Journals from NURS 398 Traditional and Modern Healthcare in SE Asia
2013-01-11 Day 5
Before the vomiting ceremony. The herbal concoction that makes patients vomit helps to cleanse their body from drug toxins.
Today we took a bus ride to Saraburi to the Tamkrabawk monastery drug detoxification center. We met with an English-speaking monk to discuss the monastery's traditional drug treatment program. We also had the honor of meeting the head monk "master" of the monastery. He answered our questions about the program and gave us a blessing. We said a Buddhist prayer and vowed to be not angry for one hour per day :) and we had the honor of accepting rings from him to remind ourselves of this promise. It was such an honor to converse with him and we were grateful to have the English speaking monk to translate his insightful words.
There are currently around 40 patients being treated at the monestery coming from all over the world. We had the chance to speak with a young gentleman from Las Vegas who was addicted to heroine and oxycodone. He tried various treatment programs and had gone to jail multiple times in the United States. The western hospital approach to treatment was unsuccessful for him and he relapsed before choosing to live a Buddhist lifestyle and detox his body at Tamkrabawk. He felt so strongly about the program and its success that he chose to become a monk and follow his traditional Thai heritage. We also met a German monk who was an addict and chose coming to the monastery over life on the streets. He said he'll return home after a 4-month service to ensure he himself is ready to return to his new sober life.
We had the opportunity to observe a demonstration of traditional medicine treatment which includes drinking an herbal concoction to make oneself vomit. Vomiting clears the stomach and detoxes the body from drug toxins. The vomiting practice was almost ceremonial. Other patients sang and chanted to support those taking the herbal concoction and vomiting. There was a real sense of community among the monastery. In addition to detoxification through vomiting, patients use herbal steam baths consisting of lemon grass and other various herbs to cleanse the body. The steam bath smelled wonderful, and we had a chance to step in. We were all very hot but agreed it felt amazing.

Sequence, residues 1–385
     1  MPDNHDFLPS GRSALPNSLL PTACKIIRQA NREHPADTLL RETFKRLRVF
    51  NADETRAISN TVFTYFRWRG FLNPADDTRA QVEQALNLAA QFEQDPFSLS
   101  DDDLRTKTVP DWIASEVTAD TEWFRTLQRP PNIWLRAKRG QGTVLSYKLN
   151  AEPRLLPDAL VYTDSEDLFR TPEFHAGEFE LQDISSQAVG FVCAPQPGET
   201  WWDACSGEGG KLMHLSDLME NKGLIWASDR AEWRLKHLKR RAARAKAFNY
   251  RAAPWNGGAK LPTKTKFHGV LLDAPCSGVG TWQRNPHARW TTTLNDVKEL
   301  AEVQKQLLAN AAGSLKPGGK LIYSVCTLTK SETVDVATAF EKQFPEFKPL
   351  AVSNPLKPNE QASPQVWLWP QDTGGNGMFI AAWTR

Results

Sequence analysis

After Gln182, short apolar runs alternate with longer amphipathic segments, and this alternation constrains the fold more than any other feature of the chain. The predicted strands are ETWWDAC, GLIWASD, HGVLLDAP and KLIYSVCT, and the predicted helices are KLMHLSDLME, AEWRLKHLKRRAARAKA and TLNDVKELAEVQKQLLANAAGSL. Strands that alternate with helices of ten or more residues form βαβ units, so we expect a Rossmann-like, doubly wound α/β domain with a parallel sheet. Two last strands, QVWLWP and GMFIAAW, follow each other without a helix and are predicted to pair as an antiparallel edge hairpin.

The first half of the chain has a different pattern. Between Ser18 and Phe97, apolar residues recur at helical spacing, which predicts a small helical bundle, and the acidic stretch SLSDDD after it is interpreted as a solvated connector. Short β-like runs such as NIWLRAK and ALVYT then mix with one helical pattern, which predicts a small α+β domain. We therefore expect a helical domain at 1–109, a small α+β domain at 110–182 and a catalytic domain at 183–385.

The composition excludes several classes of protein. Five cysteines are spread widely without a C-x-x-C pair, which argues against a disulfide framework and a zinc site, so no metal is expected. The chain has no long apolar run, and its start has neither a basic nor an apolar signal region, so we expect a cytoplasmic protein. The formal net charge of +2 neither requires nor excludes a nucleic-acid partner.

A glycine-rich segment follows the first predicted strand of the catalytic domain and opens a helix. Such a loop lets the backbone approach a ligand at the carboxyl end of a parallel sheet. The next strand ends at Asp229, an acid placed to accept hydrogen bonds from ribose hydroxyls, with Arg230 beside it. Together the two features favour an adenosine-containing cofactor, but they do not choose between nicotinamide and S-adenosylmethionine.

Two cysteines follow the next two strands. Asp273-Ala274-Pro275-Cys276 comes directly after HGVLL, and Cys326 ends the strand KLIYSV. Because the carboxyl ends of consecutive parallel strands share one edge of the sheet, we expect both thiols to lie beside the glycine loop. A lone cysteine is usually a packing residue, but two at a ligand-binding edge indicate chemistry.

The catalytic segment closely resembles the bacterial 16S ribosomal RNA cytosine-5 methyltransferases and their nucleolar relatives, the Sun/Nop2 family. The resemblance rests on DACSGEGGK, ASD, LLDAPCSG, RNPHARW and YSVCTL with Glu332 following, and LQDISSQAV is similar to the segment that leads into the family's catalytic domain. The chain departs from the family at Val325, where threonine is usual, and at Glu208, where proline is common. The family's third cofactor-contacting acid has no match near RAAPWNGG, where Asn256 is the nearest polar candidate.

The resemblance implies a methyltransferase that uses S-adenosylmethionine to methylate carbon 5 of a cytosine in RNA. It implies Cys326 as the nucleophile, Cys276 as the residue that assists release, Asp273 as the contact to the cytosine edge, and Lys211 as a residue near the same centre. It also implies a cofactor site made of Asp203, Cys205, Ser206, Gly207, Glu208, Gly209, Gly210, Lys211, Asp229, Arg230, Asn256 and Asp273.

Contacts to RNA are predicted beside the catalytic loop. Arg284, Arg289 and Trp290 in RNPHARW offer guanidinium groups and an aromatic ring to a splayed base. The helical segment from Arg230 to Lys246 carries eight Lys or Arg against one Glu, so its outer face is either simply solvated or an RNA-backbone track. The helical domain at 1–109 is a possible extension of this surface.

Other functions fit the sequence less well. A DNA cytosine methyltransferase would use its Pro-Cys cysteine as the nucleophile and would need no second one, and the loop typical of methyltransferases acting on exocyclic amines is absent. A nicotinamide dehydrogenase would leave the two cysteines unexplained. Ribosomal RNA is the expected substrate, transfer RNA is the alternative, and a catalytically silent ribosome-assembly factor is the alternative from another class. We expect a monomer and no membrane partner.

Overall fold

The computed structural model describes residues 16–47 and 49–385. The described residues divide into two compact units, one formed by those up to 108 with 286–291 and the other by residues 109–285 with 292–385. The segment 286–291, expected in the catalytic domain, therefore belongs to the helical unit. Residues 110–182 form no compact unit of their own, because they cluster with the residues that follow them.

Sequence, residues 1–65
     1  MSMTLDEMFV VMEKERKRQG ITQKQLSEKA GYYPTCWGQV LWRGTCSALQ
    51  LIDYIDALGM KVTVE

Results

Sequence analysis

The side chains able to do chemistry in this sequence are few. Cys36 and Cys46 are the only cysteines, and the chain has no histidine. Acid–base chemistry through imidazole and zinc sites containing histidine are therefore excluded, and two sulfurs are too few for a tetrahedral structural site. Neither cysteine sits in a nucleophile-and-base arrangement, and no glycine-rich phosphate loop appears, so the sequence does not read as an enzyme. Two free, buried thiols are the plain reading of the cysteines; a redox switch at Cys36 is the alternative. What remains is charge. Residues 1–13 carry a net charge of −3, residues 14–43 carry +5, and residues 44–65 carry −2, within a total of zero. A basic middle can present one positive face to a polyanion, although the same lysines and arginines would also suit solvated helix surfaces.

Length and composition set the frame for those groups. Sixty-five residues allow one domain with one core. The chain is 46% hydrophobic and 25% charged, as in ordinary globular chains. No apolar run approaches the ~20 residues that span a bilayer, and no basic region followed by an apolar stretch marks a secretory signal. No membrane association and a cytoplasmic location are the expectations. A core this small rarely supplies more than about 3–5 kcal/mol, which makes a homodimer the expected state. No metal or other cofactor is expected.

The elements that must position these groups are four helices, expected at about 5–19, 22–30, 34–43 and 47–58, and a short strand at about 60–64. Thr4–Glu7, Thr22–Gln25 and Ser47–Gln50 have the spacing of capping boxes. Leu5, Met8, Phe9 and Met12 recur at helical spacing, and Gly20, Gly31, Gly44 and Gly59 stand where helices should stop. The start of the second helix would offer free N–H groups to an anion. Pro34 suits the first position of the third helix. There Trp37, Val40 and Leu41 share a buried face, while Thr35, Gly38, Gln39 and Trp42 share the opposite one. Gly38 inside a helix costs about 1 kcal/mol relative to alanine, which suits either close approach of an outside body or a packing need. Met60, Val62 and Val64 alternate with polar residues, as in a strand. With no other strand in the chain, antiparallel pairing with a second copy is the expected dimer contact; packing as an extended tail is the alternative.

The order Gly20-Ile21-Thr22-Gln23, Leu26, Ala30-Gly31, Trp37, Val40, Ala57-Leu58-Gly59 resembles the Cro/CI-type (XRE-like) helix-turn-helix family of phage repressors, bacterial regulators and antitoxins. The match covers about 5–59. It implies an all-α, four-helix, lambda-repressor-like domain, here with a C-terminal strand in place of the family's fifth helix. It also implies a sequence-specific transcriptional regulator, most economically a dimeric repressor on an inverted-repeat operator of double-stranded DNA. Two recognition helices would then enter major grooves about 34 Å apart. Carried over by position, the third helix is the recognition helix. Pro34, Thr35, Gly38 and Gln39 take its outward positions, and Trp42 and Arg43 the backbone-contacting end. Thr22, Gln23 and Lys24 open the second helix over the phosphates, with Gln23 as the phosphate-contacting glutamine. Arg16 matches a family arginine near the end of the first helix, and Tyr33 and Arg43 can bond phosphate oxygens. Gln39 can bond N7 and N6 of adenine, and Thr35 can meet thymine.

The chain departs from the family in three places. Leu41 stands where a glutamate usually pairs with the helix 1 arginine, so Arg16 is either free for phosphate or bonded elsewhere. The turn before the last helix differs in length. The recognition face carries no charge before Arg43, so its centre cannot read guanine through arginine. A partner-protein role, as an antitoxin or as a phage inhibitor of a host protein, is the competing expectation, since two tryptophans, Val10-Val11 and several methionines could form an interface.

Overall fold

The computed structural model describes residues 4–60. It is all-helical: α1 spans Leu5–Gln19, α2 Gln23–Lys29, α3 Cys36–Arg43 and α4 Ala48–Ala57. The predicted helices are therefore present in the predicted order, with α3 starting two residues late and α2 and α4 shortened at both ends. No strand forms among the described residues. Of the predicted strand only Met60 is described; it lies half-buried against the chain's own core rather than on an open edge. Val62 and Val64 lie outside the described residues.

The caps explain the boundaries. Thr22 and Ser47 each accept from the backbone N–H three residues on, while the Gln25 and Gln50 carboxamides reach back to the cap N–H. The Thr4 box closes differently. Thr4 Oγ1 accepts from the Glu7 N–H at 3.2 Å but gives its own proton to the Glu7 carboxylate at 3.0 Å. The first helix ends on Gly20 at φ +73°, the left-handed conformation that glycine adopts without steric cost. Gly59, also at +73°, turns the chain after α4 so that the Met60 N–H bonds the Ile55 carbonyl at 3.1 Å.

The people at the monastery were so wonderful and accepting. We were so grateful to have had that experience. It was interesting to compare how the US handles drugs and alcohol addiction compared to the monastery's traditional medicine and teaching. Ultimately, they practice sahtcha which means believing in yourself and making healthy conscious choices through the teachings of the Buddha.
Next on our agenda, or should I say "Jerry's great adventure", was to stop at a local Thai restaurant where we had good cheap Thai food (25 baht a plate, less than 1 usd) and jerry's special snacks. The fried banana was my favorite. Along the way to the restaurant we got street candy and saw monkeys! They were playing on the streets climbing telephone poles and running around cars. We made sure to watch our purses and sunglasses because they snatch them!
After lunch we visited Wat Phrabaht Namphu AIDS hospice and treatment center. This center houses over 100 adults affected by HIV and AIDS who are unable to care for themselves or have been banned from their families and society. Most patients at the center contracted the illness from sexual contact. Patients who are somewhat able to care for themselves and patients with families live in small houses on the grounds. Those who are too ill and require extensive medicinal treatment live in a ward. The ward is staffed by two nurses and 1 nursing assistant. The ward is a large room with hospital beds. Patients have their own belongings on beds with them. Temple sermons are available every Sunday and a monk is available to pray with the patients every evening. After a patient's death, the center also receives permission from families to preserve the bodies for educational purposes. Bodies which have been cremated instead are sent back to the families. Most ashes are returned to the center for placement in the temple. Families send the ashes back for fear of contamination and contracting the illness themselves.
Today was eye opening, to say the least. The first center left us all optimistic and serene after the visit with the monks and the patients who are working towards their sobriety. The second place left us all heavy-hearted and wanting to do more. Thailand is making great strides in their HIV AIDS education through health promotion activities; however, there is still a lack of understanding about disease transmission. Today we got to experience the power that religion has on the Thai people facing addiction and medical issues. It is truly impossible to understand the health care of the Thai people without first understanding the Buddhist influence on the country.
We are headed to Chang Rai in the morning. So long, Bangkok--what a wonderful way to start the trip!
Until next time,
Kelli, Paty, Shelby, Michelle, Megan, Chelsea, Ashley, Ashley, Nazgul, Sarah, Leilani, Caitlyn